NATALIE BARR: So did it just break in the last 15 months since Labor got in, did it?
JANE HUME: Well, no, I didn’t say it was broken. Clare said it was broken.
NATALIE BARR: Well, you said businesses have been calling for it to be fixed, so.
JANE HUME: I said a good-quality migration program – a quality migration program has underpinned our economic growth for decades and will continue to do so so long as it isn’t a free-for-all. We want to make sure that it is a well-managed migration program. I haven’t read the report. I’m hoping that’s what it says and that this is what business want and need and that the government is committed to underpinning it with the right level of infrastructure and housing in order to make sure that it is, in fact, well-managed.
NATALIE BARR: Clare, on Jane’s point, where is everyone going to live? That is a big issue in this country. What are you going to do about it?
CLARE O’NEIL: Yeah, completely agree. Completely agree. So let me make just a couple of points, Nat. So, firstly, our population today is actually lower than it would have been had we not shut the borders during Covid. So the population that was being championed by the opposition is actually higher than where we are at the moment. But that being said, I completely agree – we’ve got really serious problems with housing in our country. And I’d say with great respect to Jane and her colleagues, we are actually trying to do something about this problem and every time we try to do something about it, Jane and her colleagues team up with other people and try to stop us.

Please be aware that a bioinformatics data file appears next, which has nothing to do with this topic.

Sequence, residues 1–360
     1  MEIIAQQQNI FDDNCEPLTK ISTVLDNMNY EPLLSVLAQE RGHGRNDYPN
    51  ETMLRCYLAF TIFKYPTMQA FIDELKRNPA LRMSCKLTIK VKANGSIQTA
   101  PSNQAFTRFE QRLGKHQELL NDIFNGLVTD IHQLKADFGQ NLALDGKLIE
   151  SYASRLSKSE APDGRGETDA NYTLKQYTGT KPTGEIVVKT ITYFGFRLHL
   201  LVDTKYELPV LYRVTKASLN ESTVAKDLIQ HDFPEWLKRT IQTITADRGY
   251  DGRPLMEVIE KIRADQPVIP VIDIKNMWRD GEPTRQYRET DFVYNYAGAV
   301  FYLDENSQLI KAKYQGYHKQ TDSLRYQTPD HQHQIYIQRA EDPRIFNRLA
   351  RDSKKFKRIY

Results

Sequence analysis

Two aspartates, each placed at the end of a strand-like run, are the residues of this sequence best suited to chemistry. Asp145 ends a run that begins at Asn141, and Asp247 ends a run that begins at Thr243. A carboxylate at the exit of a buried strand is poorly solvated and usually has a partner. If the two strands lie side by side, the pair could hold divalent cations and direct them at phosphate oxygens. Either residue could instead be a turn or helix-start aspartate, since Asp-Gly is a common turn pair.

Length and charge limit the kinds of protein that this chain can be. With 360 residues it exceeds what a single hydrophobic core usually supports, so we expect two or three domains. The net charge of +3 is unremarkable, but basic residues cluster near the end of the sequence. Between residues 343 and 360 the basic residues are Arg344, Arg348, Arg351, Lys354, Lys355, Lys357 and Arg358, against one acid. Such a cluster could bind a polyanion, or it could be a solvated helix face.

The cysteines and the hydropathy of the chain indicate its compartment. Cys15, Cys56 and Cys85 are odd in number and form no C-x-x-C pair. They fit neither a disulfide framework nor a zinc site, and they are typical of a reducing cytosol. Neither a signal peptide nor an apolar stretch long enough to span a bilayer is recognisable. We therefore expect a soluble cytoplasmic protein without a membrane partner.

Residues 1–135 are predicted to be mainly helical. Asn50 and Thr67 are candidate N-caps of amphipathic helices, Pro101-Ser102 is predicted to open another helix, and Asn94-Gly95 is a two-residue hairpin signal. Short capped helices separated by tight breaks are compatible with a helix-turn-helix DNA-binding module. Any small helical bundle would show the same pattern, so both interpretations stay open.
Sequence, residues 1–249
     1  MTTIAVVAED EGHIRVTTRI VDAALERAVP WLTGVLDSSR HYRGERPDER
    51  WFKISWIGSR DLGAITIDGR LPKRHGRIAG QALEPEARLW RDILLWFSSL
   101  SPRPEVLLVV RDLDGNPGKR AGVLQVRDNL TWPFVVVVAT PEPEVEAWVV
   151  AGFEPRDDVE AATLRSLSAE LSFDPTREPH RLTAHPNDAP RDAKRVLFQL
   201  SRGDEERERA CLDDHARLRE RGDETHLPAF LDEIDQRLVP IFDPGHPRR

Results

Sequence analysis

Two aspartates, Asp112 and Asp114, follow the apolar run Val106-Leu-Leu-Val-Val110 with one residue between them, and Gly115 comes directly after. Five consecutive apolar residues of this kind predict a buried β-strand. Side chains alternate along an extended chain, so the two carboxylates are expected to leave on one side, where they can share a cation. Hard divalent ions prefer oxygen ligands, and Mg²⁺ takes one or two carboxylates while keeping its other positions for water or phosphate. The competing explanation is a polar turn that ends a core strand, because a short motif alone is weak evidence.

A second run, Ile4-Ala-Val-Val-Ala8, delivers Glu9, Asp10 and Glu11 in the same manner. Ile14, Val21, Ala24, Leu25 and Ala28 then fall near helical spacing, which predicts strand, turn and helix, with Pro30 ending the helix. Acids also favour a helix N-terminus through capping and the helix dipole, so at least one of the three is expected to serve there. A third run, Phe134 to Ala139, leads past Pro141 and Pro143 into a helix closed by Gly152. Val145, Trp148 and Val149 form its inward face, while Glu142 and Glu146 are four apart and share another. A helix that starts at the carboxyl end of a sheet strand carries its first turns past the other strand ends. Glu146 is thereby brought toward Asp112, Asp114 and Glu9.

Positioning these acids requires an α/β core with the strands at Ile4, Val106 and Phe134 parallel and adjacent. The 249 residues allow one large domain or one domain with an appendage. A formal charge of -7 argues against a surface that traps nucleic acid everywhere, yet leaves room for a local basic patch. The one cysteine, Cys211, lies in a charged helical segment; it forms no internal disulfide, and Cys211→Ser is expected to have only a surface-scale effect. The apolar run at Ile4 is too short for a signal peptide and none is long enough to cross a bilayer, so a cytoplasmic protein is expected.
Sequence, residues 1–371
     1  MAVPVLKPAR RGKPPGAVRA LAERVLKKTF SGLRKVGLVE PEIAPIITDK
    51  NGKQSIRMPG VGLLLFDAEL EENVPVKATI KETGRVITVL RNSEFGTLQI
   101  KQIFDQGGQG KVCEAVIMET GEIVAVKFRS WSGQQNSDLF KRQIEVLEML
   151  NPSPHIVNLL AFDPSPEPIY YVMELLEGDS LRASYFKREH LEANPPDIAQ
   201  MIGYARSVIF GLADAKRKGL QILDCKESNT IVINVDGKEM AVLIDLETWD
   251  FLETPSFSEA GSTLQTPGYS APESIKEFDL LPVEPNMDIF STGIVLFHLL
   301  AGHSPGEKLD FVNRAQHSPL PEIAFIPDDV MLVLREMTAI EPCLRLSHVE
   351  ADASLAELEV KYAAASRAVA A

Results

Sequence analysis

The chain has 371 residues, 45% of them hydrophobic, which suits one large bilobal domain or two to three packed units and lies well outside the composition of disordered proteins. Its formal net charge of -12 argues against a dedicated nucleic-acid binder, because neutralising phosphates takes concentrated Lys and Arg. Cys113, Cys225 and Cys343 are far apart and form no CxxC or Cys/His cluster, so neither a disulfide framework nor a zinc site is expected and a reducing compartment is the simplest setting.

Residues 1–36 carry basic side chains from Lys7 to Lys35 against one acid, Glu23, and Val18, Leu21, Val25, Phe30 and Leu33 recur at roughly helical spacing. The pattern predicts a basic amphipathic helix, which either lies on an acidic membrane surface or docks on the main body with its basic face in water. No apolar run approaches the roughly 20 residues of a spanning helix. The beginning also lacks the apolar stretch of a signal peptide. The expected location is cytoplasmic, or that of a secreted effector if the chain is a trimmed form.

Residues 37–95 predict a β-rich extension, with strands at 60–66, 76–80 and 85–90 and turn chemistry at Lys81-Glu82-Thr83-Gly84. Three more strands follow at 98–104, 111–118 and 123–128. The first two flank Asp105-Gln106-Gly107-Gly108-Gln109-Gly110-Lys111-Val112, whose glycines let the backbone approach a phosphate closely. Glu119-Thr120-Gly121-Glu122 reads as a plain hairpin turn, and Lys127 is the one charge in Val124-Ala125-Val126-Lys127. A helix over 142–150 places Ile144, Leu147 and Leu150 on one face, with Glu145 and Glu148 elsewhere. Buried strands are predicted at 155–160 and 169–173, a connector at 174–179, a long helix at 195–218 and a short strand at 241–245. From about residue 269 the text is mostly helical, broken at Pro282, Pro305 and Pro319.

JANE HUME: Hang on, Clare – that was social housing. These migrants don’t want social housing. They want new housing.
CLARE O’NEIL: So the recent example is the Housing Australia Future Fund. So the really important thing is we are trying to do something about housing. We want to build more housing and Jane and her colleagues are trying to stop us from doing that –
JANE HUME: Front page of The Age today said that State governments are holding up $120,000 in Victoria alone - 120,000 new homes in Victoria alone.
CLARE O’NEIL: And that’s a consistent theme of the Opposition, Nat. This is a consistent theme of the opposition. What we see from the opposition is every time Labor tries to fix a problem that’s affecting people in our country, the Coalition or the No-alition, as the Prime Minister calls them, come out and say no. We saw it on housing. We saw it on energy prices where we’ve got Australians paying too high for energy prices. We try to do something about and the Coalition try to stop us.
JANE HUME: Oh, Clare, come on. Energy prices are getting worse under you. They went down under the Coalition.
CLARE O’NEIL: So I think Jane and I actually have some agreement about some national problems here. What I would say – what I would say to you, Jane, and to Nat, to everyone listening is we’ve got some big problems here. The government is trying to do something. Come with us. Come try help these – solve these problems with us and then we’ll actually move forward on some of these problems that you’ve identified there.
NATALIE BARR: Okay. Let’s move forward on another issue that’s happening today. Olympic legend Cathy Freeman has declared her support for an Indigenous Voice to Parliament in a new video published by the Yes campaign. Take a listen.
CATHY FREEMAN: We have the chance to be part of a moment that brings people together, to work hard for something that we can all believe in. And right now each of us can be part of something that really matters.